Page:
U.S. senators call for trade crackdown on Canada over dairy quotas, digital policies
A pair of senior U.S. senators is urging the Biden administration to get tough with Canada for "flouting" obligations to its North American trade partners.
Democrat Sen. Ron Wyden of Oregon and Republican Sen. Mike Crapo lay out their concerns in a letter to U.S. Trade Representative Katherine Tai.
The letter says American dairy producers still aren't getting the access to the Canadian market they're entitled to under the U.S.-Mexico-Canada Agreement.
It also describes Canada's planned digital services tax as discriminatory and raises similar concerns about new legislation to regulate online streaming and news.
All three, the senators say, would give preferential treatment to Canadian content and deny U.S. tech companies fair access to the market north of the border.
The letter comes after meetings this week in San Diego between U.S., Canadian and Mexican trade emissaries, as well as the North American Leaders' Summit in Mexico City earlier this month.
The USMCA, referred to in Canada as CUSMA, has been at the centre of a number of bilateral and trilateral disputes since it went into effect in the summer of 2020.
"Three years later, it is disappointing that Canada and Mexico have failed to come into full compliance with the agreement -- and, in some cases, have flouted their obligations," the senators write.
"USTR must take decisive action to ensure full compliance with the agreement and with dispute settlement panel findings. It is critical to ensure that every chapter of USMCA is fully and timely enforced."
Canada and Mexico have their own issues with how the U.S. is interpreting the deal, which was signed in 2018 after protracted trilateral efforts to replace NAFTA.
As the Mexico City summit wrapped up, a dispute panel ruled against the U.S. over how it interprets the rules that determine the origin of core automotive components.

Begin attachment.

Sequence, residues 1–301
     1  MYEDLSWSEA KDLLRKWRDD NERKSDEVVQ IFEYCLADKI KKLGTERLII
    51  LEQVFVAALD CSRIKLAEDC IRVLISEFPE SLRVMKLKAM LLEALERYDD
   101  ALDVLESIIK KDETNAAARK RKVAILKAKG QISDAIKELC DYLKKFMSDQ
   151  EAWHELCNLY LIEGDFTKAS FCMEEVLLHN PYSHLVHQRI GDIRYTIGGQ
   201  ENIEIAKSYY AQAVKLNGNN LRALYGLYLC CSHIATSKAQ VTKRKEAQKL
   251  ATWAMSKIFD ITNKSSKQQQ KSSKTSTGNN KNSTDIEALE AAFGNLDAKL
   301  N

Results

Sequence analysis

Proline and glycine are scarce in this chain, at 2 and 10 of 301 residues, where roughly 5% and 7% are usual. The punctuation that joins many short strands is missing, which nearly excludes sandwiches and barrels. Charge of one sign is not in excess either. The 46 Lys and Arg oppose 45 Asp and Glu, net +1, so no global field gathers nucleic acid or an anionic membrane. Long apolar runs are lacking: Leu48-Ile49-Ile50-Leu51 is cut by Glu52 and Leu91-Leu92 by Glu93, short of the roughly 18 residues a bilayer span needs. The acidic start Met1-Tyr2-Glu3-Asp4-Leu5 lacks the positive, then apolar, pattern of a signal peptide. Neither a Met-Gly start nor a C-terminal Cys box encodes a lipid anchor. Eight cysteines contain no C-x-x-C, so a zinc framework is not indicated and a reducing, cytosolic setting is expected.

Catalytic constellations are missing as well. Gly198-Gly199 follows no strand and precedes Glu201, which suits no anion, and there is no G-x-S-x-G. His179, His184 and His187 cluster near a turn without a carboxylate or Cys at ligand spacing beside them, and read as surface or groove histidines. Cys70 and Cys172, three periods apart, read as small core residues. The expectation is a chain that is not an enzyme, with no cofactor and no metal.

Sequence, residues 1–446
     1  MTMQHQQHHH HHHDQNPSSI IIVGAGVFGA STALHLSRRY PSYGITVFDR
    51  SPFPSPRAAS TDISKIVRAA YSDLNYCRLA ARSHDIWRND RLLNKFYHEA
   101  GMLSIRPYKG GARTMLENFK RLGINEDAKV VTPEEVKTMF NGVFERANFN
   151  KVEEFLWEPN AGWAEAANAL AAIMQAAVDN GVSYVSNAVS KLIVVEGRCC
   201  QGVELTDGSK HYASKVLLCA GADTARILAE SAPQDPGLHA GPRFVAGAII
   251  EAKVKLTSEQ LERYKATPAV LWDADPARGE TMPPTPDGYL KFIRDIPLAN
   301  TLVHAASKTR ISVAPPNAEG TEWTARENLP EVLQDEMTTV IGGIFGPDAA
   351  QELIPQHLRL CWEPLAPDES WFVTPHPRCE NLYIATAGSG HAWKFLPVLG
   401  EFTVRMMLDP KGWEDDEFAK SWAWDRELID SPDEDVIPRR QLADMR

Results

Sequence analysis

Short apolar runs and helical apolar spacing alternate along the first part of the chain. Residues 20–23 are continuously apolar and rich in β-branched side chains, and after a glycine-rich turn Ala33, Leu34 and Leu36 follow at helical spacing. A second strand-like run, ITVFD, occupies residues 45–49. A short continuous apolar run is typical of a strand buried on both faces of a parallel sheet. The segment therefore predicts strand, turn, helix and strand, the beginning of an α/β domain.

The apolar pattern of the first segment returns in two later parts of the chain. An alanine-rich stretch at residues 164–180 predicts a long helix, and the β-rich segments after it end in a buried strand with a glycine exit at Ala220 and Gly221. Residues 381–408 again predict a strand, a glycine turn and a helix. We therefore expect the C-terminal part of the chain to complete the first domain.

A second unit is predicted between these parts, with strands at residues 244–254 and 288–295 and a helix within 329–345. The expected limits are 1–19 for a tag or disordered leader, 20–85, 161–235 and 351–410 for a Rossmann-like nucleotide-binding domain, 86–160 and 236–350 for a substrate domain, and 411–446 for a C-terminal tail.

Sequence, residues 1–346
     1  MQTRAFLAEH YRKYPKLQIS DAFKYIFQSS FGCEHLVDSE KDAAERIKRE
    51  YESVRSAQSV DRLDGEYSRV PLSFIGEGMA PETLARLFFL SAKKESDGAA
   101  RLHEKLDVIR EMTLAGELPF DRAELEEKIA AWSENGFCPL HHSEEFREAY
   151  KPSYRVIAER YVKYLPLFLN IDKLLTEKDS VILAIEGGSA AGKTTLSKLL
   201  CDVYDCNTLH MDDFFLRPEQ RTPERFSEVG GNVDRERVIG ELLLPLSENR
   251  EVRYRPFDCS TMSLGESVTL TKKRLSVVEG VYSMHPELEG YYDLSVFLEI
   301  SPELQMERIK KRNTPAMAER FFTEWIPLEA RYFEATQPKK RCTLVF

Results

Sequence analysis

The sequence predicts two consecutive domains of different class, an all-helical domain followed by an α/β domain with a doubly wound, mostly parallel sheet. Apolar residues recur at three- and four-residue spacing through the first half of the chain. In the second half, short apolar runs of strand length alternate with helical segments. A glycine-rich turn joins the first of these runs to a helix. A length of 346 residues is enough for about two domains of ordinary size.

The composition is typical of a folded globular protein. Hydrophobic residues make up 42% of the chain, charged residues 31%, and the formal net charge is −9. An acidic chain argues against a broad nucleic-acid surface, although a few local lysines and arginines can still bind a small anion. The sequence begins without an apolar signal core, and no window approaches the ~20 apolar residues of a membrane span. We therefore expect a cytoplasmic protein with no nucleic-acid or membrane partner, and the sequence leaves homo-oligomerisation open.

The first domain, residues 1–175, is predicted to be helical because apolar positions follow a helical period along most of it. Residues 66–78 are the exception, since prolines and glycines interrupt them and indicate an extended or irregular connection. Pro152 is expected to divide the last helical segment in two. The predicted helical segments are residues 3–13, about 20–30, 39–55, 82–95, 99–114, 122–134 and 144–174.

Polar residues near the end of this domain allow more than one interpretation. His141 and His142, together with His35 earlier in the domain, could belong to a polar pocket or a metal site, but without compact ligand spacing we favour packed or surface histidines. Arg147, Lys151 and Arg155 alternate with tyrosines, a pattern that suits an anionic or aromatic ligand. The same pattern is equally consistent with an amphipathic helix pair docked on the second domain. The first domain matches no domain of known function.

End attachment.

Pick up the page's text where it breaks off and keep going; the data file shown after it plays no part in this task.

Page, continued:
It remains unclear whether the U.S. plans to comply with that decision.
This report by The Canadian Press was first published Jan. 27, 2023
MORE Business News
opinion | This is how much debt is normal for your age
Have you ever stopped to wonder how much debt is typical for your age?
opinion | What happens if you mistakenly get a larger tax refund?
Was your 2022 tax refund larger than you expected it to be? For many, this likely comes as a pleasant surprise. However, overpayments are likely the result of a mistake on your part or the Canada Revenue Agency. If you don’t amend your returns and the overpayment isn’t returned, you could end up in hot water.
How to claim Ontario's staycation tax credit on your tax return
People in Ontario who vacationed in the province last year can claim the trip on their upcoming tax returns, and here’s how to do it.
Thinking of an alternative lender? What it could mean for your mortgage
As economic conditions make it harder to qualify for a mortgage, Canadians are increasingly looking to alternative lenders, particularly amid interest rates. CTVNews.ca looks at why Canadians are seeking private lenders and the potential benefits and risks attached to them.
opinion | Tips on how to get the most out of your TFSA
The federal government's latest TFSA contribution limit increase took effect this year. On CTVNews.ca, personal finance contributor Christopher Liew outlines eight tips on how Canadians can get the most out of this popular savings account.
opinion | These are the new tax brackets for 2023
There are going to be some changes to Canada's tax brackets as we move into 2023. These changes could impact how you’re taxed when you file your 2023 income tax returns next year.
Canadian food bloggers share tips, tricks to make filling budget-friendly meals
Food bloggers and cookbook authors say meal-planning and simple recipes can help home cooks put together filling and tasty dishes on a budget -- an increasingly stressful challenge amid rising food prices.
Canadians fell for more home improvement scams in 2022, new report finds
The Better Business Bureau says Canadians fell for home improvement scams the most in 2022, in a report highlighting the riskiest scams and how much money they cost Canadians.